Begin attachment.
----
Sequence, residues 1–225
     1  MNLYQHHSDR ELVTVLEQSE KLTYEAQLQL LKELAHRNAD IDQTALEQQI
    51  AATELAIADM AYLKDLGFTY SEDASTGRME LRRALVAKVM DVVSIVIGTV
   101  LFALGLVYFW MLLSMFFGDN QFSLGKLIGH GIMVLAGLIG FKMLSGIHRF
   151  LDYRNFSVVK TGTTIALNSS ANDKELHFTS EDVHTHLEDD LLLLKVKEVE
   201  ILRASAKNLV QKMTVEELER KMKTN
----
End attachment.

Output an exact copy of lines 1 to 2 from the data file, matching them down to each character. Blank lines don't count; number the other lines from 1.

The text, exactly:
Sequence, residues 1–225
     1  MNLYQHHSDR ELVTVLEQSE KLTYEAQLQL LKELAHRNAD IDQTALEQQI